Indigenous Women’s art of the Central and Western Deserts from the Sims Dickson Collection and from the UQ Anthropology Museum Collection

29 August 2014 - January 2015

Curated by Deborah Sims and Matt Dickson in conjunction with the UQ Anthropology Museum
This is an exhibition of contemporary art made by women living in central Australia. Many of the artists are from what has become known as the Western Desert notably the Anangu Pitjantjatjara Yankunytjatjara Lands in the far north east of South Australia and the Ngaanyatjarra Lands adjacent in Western Australia.

The artists in this show are:
Imiyari Adamson, Kay Baker, Teresa Baker, Tjapartji Bates, Anmanari Brown, Katanari Butler, Kunytjita Brown, Jean Inyalanka Burke, Alison Carroll, Myra Yurtiwa Cook, Anna Curley, Angkaliya Curtis, Malpiya Davey, Pulpurru Davies, Alkawari Dawson, Anne Dixon, Kathleen Donegan, Blanche Ebatarinja, Yangi Yangi Fox, Alison Inkamala, Rachel Yukultja Jennings, Naomi Kantjurinyi, Tjampawa Kawiny, Iwana Ken, Iluwanti Ken, Colleen Morton Kngwarrey, Rene Kulitja, Dora Wanatjura Lane, Niningka Lewis, Pantjiti Lionel, Neville Niypula McArthur, Pantjiti Ungkari McKenzie, Joyce McLean, Tjalumi Mervin, Paniny Mick, Sally Mulda, Betty Kutungu Munti, Shirley Namatjira, Alice Nampijinpa, Millie Skeen Nampitjin, Narputta Jugadai Nangala, Lucy Kennedy Napaljarri, Tjunkiya Napaltjarri, Eunice Napanangka, Makinti Napanangka, Maxine Mick Nelson, Jacinta Numina-Waugh, Mary Pan, Patjiparan, Tali Tali Pompey, Matilda Proddy, Milatjari Pumani, Constance Robinja, Marlene Rubuntja, Sally Rubuntja, Dulcie Sharpe, Nalpingka Simms, Telissa Splinter, Renita Nyalapantja Stanley, Tjaria Stanley, Nellie Stewart, Tjunkaya Tapaya, Wingu Tingima, Carlene Thompson, Dolly Ungakini, Nyanu Watson, Lalla West, Kunmanara Williamson, Tjaruwa Woods, Maggie Yilpi, Yaritji Young.

Left to right: Iwana Ken (1937) Walytjitjara 2008 | Teresa Baker (1977) Wati Ngintaka 2011 | Anmanari Brown (1930s) The Seven Sisters 2009 | Sims & Dickson Collection

The exhibition is only part of the collection of Deborah Sims and Matt Dickson who, in 2008, first noticed work made by artists from the Western Desert. They devoted themselves to buying from ethical dealers who have established relationships with  Aboriginal owned community art centres. Sims and Dickson are sharing their passion through the curation of a touring show derived from their own collection - Strong Women, Strong Painting, Strong Culture.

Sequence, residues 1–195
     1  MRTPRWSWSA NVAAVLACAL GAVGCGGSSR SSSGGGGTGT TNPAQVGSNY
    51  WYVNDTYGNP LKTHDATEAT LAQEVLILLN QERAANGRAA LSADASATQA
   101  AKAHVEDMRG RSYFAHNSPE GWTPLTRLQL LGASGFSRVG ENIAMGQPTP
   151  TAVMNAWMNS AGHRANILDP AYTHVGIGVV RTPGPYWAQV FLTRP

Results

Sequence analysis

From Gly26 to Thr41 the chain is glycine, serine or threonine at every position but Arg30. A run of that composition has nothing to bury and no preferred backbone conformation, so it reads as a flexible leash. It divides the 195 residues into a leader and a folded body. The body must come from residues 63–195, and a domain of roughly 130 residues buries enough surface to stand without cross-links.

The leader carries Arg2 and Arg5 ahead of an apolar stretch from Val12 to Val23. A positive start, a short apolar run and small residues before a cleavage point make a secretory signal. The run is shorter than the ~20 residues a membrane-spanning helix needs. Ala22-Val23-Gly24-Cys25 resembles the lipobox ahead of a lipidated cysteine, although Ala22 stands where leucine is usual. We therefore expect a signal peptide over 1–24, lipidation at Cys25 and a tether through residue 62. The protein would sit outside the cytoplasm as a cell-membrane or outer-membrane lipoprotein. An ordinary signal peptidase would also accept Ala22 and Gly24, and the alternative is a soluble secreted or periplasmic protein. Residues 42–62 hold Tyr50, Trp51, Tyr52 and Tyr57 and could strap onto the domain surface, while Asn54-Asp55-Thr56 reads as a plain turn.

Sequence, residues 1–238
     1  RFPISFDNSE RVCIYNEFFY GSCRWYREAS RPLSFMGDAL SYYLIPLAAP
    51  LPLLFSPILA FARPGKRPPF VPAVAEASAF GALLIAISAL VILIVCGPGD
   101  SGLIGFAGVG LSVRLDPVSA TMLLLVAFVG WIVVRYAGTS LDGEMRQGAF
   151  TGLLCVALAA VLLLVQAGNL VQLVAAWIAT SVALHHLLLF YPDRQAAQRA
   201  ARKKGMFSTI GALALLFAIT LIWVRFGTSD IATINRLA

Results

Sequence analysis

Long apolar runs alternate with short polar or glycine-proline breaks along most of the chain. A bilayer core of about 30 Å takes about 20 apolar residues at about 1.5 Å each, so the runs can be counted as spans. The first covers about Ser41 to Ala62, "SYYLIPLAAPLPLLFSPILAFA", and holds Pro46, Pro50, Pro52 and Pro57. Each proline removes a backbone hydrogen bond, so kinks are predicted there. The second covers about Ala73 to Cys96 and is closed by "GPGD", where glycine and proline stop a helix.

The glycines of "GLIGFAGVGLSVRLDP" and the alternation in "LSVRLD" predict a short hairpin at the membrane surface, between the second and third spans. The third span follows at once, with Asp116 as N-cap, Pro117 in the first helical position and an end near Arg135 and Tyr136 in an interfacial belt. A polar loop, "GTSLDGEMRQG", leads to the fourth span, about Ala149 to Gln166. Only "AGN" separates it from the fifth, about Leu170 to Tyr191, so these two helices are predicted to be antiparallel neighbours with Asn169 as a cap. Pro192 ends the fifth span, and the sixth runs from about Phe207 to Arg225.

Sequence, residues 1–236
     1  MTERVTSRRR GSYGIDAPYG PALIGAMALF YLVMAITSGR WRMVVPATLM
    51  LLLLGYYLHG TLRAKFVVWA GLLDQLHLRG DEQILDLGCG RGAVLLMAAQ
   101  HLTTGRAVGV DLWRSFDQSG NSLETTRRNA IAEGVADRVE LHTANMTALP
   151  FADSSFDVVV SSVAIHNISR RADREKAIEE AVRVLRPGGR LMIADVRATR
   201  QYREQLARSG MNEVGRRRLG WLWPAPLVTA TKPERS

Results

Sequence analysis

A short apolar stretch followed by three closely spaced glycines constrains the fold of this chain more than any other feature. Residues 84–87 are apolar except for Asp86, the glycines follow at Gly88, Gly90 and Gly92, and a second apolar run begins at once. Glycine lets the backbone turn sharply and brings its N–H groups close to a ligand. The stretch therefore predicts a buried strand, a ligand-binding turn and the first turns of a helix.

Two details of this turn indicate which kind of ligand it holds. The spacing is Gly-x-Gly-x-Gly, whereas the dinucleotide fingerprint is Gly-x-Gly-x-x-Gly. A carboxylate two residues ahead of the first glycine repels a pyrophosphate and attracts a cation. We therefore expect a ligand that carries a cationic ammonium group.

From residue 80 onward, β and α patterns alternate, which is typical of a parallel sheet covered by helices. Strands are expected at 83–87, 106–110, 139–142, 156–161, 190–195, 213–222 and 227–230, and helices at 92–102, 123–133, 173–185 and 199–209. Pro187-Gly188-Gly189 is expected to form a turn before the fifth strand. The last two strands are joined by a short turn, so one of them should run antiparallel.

The works in this exhibition are about the present, even when their subject matter is Tjukurpa. This is a religious term glossed as the ‘Dreaming’ in English, a period when features of the land were created by the actions of Ancestors who finally went into the ground or the sky where they remain today. Living people care for the Ancestors through ceremonies and, by performing  these, access Ancestral power and energy.
Some of the energy latent in the Ancestral land is passed onto us through the colour and tactility in the art works. We are unused to colour like this in our often chromophobic culture. Bask in it here with its highly spiritual resonance akin to stained glass in a cathedral. The photographs on the gallery doors show how the land changes after rain and fire into sheets of brilliant colour (as in Kunmanara Williamson’s painting). Its textures are evoked through the use of feathers, yarns, spun sheep and camel hair used skillfully by Mrs Burke in her tjanpi / grass sculptures of animals.

Tjunkaya Tapaya | Batik 1989 | Hand drawn wax resist, aniline dyes on silk 186 x 93cm | Ernabella SA | UQ Anthropology Museum Collection

A quarter of this exhibition is drawn from the collection of the UQ Anthropology Museum and includes new acquisitions; work by Sally Mulda and Niningka Lewis that tell different kinds of stories; batiks made in the 1980s and ‘90s on the Anangu Pitjantjatjara Yankunytjatjara Lands by Tjunkaya Tapaya, Anna Curley, Patjiparan and Tjalumi Mervin. Women first learnt batik- drawing with wax and colouring with dyes - in 1971 at Ernabella. It is a medium for which they were well known until the recent resurgence of painting on canvas. We have hung batiks with paintings here allowing them to connect.

There are also crowbars from the Museum’s collection along with women’s camping and cooking equipment. Making some of these art works, the wooden sculptures called punu for example, is hard graft involving much digging with crowbar and shovel.

Perhaps the most culturally important work here is the three-quarter life size tjanpi / grass sculptural group of the Minyma Kutjara / Two Women. It shows events at a particular place; the women are resisting the man who has followed them. Materializing the figures of Ancestors like this for wider audiences is an innovation of the last few years.

Most of the artists are multi-lingual and do not use English as a first language.

Artists in this show are from the following language groups: Pitjantjatjara, Yankunytjatjara, Ngaanyatjarra, Kukatja, Pintupi, Warlpiri, Arrernte, Western Arrernte, Luritja, Anmatyerre and Alywarr. Of these Pitjantjatjara / Yankunytjatjara is the most common.


Project curation/ curation of UQ Anthropology Museum component: Dr Diana Young; project co-ordination: Jane Willcock; museum assistants: Kiri Chan, Camella Hardjo and Charla Strelan; conservation: Kate Stanway; photography: Carl Warner; student assistants: Chris Lovell, Amelia Radke and Jen Rowe.

With many thanks to Deborah Sims and Matt Dickson.



Teaser image: Left to right: Iwana Ken (1937) Walytjitjara 2008, Teresa Baker (1977) Wati Ngintaka 2011, Anmanari Brown (1930s) The Seven Sisters 2009, Sims & Dickson Collection